I remember well the day my son, Andrew – still at some single digit age at the time – stood in the gift shop at Turkey Run State Park pleading for a little bow and (suction cup tipped) arrow set. I began the old -When I was your age – recitation but stopped short. A lot went through my mind in a pause that lasted less than two seconds. I was suddenly nine years old again. It was a fine Saturday in the Fall of the year and, free from the demands of the school week, I had plenty of time on my hands. I wanted a bow and arrow. I wanted a bow and arrow bad! So, I went to the weeping willow tree in the backyard. I was extremely familiar with this tree and with the properties of its branches having been sent to it on several occasions to select a suitable switch to be employed in the process of my own socialization. I chose a nice pliant branch – back past the long whip-like leaf stem – and harvested about a yard of it. I also knew the location of a bail of twine and where dad kept his tools. In almost no time I had cut notches and bent the willow branch to a length of twine some inches shorter than the branch itself. Presto! A bow! Arrows? There was a fine weed patch where no one ever mowed behind the utility shed. I was as familiar with the weed patch as with the willow tree but for different reasons. It was a great place to catch grasshoppers to be used as bait for the chubs, bull heads, and sunfish in the local creeks. Among the other botanical selections, the weed patch featured horse weed (Giant Ragweed) the seven-foot-tall stalks of which dry to a semi-hard woodenness as summer passes and the nights grow cooler. The straight and easily broken off upper halves of the horse weed stalks were custom made for arrows. True, they were soft in the center so that after a few shots the notch got kind of deep – but there were plenty more. Also true, they lacked fletching – a problem for which I had no likely solution – unless I could shoot a bird with one of them – problematic since without fletching reliable aim is hard to come by. Well, who cared? The bow and arrow worked plenty good enough to hit all the imaginary lions, tigers and bears I stalked with it. Toward evening, when the call for supper came, I decided to fire off one last shot before surrendering the use of my wondrous creation for the day (I instinctively knew I would not be allowed to play with it in the house.) I suddenly remembered a little rhyme from somewhere – I shot an arrow into the air; it fell to earth I know not where. “Well”, I thought, “I’ll know in just a minute!” I notched the arrow, drew back as far as I could, took aim at a convenient cloud and let fly. Dad had been having a conversation with one of the neighbors and, having also heard the call for supper, was rounding the house, still engrossed in the conversation, the neighbor tagging along. I never knew what that conversation was about. I only knew – knew for certain – as I watched the arrow reach the apogee of its flight and begin its downward journey – knew beyond the slightest degree of doubt – exactly where it would fall to earth. It struck dad full in the chest with a sickening crunch produced by the splintering of the tip of the horse week. A few of those splinters pierced dad’s shirt and stuck a little in his skin. Dad, who, unlike me, had not seen it coming, was both dumbstruck and mystified – but not for long. He quickly surveyed the yard – occupied at the moment by only the three of us – dad, the neighbor, and the one holding a bow. It took dad remarkably little time to sort the whole matter out. Neighbor forgotten, he plucked and tossed the arrow and strode toward me like grim doom. My feet seemed to have grown roots deep into the earth. I could only stand and wait. Dad stood before me a second, searching for adequate words, surrendered the effort, snatched the bow from my hands, broke it over his knee and headed for the house. A few deep relieved breaths later, I followed. So, I said to Andrew – When I was your age – then I shut up and bought him the toy bow and arrow.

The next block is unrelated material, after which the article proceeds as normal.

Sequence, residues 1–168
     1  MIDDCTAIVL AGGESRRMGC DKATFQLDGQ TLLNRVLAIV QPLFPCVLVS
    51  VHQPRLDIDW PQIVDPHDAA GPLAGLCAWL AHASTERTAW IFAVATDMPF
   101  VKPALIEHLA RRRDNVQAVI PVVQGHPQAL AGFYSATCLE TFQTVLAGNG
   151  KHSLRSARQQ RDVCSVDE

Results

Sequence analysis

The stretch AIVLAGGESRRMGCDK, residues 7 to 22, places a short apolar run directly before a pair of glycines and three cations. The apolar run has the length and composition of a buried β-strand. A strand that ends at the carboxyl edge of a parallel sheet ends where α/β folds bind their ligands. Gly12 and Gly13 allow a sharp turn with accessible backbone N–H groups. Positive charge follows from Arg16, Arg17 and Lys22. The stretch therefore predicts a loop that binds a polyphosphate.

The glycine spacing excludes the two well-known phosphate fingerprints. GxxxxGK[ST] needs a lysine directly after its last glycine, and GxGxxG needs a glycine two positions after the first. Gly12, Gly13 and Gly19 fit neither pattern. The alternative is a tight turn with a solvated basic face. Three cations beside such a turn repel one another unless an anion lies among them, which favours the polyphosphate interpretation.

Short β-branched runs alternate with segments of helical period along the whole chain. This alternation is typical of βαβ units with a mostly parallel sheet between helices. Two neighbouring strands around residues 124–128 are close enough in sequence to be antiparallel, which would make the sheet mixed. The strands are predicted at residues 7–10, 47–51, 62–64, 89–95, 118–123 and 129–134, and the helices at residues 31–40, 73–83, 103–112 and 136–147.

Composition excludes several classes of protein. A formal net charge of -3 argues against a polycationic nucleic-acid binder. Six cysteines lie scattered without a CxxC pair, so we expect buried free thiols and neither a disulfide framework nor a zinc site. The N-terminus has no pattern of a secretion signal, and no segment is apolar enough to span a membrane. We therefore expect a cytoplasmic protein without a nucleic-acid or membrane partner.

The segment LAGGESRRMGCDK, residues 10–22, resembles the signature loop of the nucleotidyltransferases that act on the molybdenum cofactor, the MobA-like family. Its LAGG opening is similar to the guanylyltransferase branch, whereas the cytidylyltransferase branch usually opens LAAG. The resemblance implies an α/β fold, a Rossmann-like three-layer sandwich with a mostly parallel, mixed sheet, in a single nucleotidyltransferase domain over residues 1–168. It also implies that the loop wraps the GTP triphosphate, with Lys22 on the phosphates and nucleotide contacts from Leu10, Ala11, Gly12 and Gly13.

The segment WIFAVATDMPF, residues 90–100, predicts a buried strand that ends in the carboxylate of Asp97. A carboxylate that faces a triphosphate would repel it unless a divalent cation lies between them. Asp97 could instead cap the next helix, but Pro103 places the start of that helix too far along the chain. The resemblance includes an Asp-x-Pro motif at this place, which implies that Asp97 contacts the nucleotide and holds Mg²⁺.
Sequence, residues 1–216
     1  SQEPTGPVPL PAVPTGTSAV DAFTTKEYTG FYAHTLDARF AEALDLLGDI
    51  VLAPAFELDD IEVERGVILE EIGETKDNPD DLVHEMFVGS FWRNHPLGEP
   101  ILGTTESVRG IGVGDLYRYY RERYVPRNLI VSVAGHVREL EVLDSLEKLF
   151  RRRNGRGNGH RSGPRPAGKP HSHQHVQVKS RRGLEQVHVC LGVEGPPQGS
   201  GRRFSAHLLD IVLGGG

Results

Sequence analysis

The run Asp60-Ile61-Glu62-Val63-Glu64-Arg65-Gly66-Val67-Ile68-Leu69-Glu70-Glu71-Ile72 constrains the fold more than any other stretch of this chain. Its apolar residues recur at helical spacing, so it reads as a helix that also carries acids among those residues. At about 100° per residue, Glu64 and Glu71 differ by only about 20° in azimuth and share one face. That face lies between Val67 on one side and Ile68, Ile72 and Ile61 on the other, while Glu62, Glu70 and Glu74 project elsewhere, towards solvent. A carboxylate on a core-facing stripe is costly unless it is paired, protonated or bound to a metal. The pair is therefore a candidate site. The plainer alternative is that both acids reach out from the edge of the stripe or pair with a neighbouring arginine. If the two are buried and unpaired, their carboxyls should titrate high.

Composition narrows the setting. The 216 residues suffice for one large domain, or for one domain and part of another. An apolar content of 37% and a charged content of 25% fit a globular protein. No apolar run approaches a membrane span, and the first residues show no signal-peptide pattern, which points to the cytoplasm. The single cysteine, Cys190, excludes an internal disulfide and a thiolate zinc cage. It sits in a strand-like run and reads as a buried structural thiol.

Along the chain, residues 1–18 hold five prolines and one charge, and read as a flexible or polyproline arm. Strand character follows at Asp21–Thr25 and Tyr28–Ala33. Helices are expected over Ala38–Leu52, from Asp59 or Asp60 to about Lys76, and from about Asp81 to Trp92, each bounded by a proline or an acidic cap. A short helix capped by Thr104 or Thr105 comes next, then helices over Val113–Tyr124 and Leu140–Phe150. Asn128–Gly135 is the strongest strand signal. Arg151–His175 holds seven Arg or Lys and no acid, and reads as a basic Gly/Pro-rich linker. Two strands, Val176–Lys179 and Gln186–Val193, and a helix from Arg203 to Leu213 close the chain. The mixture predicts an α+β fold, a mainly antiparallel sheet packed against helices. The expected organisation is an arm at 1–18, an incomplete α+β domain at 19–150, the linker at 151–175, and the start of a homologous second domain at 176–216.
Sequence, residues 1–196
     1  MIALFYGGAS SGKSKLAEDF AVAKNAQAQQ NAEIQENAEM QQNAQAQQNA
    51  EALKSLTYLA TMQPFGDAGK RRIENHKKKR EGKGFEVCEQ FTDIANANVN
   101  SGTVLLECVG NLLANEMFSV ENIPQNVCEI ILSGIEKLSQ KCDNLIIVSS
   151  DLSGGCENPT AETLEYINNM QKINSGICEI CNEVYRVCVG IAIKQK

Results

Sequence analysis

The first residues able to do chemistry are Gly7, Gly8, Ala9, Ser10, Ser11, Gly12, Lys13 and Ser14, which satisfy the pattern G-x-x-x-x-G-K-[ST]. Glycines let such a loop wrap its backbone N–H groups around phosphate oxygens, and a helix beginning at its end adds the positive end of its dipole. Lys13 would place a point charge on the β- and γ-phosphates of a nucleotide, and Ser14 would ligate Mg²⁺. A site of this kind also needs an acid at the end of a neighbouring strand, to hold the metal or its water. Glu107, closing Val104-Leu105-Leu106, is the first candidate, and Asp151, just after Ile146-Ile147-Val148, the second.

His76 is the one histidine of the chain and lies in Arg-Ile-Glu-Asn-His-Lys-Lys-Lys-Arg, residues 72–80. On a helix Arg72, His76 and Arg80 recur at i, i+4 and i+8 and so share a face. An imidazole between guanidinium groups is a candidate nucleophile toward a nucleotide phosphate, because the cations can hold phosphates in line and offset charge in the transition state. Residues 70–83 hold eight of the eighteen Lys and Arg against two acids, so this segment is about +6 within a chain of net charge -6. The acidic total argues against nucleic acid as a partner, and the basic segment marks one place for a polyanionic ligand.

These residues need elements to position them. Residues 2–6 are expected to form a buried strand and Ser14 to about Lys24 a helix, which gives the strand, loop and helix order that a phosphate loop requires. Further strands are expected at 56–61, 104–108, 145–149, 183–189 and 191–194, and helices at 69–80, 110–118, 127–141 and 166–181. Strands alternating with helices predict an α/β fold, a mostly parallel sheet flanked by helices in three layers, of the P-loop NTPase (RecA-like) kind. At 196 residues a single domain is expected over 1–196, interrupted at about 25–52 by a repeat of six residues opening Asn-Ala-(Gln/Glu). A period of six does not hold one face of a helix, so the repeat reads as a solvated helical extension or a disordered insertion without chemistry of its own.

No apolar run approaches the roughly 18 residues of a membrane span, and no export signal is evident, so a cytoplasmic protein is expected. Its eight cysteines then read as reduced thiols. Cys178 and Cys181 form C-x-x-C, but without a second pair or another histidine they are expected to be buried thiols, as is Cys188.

Pastor and Author Terry Bailey, Senior Pastor of Indian Run Christian Church